Hawai'i State News

Unvaccinated family of five tests positive for whooping cough; child hospitalized

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The Hawai‘i Department of Health has confirmed five cases of pertussis, or whooping cough, among members of a single household – including a child who was hospitalized.

All five cases were unvaccinated. The family had traveled from the United States mainland and stayed at a hotel accommodation on O‘ahu.

The Department of Health is coordinating with the Centers for Disease Control and Prevention (CDC) and other states to notify travelers who were exposed. A Department of Health investigation has identified no close contacts after the family’s arrival in Hawai‘i.

In the past five years from 2019-2023, there have been 89 confirmed and probable pertussis cases reported in Hawai‘i, including 28 cases linked to three outbreaks. Prior to the current case, the last case occurred in March of 2023.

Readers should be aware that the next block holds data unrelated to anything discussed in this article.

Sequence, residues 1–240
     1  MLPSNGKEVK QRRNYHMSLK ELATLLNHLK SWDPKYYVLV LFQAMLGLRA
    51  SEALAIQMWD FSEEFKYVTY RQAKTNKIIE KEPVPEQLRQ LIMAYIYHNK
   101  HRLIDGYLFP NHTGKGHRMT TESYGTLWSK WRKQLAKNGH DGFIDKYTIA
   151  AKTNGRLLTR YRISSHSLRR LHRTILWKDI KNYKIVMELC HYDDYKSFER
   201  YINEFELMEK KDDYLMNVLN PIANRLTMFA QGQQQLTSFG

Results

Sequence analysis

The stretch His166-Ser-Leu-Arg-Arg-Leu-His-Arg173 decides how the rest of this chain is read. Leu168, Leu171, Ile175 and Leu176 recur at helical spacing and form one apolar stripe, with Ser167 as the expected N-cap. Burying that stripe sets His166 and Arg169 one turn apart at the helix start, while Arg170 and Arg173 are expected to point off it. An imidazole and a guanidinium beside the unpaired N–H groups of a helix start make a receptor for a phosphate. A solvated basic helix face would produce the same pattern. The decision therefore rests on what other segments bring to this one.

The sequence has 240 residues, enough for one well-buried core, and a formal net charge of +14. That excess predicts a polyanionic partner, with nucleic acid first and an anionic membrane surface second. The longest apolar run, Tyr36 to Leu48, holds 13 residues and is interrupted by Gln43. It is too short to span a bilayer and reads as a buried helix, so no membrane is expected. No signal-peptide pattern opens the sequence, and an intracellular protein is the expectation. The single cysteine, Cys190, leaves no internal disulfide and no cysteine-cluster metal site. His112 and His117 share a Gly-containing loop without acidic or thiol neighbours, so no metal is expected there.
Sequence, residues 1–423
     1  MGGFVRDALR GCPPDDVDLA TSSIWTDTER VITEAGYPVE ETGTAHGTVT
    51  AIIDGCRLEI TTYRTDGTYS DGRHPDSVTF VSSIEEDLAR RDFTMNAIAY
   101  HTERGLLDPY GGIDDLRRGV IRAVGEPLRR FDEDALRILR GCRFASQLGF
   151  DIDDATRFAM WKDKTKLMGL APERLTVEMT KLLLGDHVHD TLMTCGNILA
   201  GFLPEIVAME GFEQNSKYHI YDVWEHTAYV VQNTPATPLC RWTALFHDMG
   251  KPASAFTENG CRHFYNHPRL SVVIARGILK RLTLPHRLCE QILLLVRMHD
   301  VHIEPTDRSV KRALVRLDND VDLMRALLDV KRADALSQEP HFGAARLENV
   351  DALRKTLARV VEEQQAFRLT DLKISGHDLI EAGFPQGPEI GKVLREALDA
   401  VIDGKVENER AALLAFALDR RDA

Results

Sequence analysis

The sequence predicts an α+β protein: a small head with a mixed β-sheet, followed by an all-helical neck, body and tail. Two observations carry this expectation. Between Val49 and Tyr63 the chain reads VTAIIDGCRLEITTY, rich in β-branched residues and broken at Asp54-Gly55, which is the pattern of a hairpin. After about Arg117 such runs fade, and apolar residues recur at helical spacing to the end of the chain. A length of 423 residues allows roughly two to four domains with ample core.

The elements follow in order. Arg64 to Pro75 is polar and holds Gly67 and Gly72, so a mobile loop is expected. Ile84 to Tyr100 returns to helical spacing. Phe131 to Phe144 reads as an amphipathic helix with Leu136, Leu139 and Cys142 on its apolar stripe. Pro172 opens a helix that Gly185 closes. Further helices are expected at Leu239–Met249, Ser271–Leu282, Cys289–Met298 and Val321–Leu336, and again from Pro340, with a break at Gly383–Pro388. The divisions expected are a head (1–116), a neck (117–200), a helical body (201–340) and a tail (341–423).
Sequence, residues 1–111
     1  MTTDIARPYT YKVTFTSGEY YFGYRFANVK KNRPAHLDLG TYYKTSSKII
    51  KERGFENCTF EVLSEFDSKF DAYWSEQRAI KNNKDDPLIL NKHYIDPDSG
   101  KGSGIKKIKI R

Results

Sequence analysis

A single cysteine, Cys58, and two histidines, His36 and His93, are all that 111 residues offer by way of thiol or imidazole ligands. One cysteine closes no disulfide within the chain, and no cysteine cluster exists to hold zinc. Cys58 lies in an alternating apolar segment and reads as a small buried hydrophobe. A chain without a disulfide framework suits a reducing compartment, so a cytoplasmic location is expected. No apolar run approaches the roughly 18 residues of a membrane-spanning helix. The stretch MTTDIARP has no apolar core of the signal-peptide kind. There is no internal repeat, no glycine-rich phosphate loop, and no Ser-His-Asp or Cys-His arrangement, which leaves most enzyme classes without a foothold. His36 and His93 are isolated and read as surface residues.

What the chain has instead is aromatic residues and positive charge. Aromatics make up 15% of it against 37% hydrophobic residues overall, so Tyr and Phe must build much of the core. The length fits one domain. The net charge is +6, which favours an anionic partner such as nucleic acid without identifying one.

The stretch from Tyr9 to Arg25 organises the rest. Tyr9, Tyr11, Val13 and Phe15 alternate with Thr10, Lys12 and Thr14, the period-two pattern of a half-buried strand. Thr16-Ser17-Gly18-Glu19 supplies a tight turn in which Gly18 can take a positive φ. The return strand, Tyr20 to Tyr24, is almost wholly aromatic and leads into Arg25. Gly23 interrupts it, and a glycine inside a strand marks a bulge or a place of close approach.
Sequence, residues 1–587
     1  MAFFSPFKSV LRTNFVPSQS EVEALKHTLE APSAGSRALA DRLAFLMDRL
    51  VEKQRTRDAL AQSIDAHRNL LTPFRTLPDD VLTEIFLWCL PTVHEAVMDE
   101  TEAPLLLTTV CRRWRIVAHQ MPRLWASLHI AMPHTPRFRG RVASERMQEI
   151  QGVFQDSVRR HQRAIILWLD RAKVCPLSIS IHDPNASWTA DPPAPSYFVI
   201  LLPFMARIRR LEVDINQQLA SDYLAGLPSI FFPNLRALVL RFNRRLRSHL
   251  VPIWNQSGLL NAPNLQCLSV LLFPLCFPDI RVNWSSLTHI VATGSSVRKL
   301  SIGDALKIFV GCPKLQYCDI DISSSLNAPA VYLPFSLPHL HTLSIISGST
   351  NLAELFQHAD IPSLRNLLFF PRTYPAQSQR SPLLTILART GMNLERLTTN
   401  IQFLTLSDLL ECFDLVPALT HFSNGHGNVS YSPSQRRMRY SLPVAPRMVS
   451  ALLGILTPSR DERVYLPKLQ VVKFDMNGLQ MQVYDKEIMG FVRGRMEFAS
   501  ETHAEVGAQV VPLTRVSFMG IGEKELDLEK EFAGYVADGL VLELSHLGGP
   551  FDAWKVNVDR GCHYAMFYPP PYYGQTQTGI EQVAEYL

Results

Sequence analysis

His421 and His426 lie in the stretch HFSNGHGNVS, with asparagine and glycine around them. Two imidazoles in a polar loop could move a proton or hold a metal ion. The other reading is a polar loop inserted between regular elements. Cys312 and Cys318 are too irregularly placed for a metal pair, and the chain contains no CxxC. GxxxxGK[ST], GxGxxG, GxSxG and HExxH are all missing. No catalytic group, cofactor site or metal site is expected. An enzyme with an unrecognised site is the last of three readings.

Pertussis is a highly contagious respiratory infection caused by bacteria. It can cause severe coughing fits (up to 10 weeks or more), followed by a high-pitched “whoop” sound when breathing in.

Whooping cough can lead to serious complications, especially in infants, such as pneumonia, dehydration, seizures and brain damage. Infants may not cough at all. Instead, they may have apnea (life-threatening pauses in breathing) or struggle to breathe.

The best way to protect you and your loved ones is to stay up to date with recommended whooping cough vaccines, according to the Department of Health. Two vaccines used in the U.S. help prevent whooping cough: DTaP and Tdap. Children younger than 7 years old get DTaP, while older children, teens and adults get Tdap.


Women should get a Tdap vaccine during the third trimester of each pregnancy to help protect their baby early in life, the health department said.

For more information about pertussis, including prevention and treatment, visit the CDC website.

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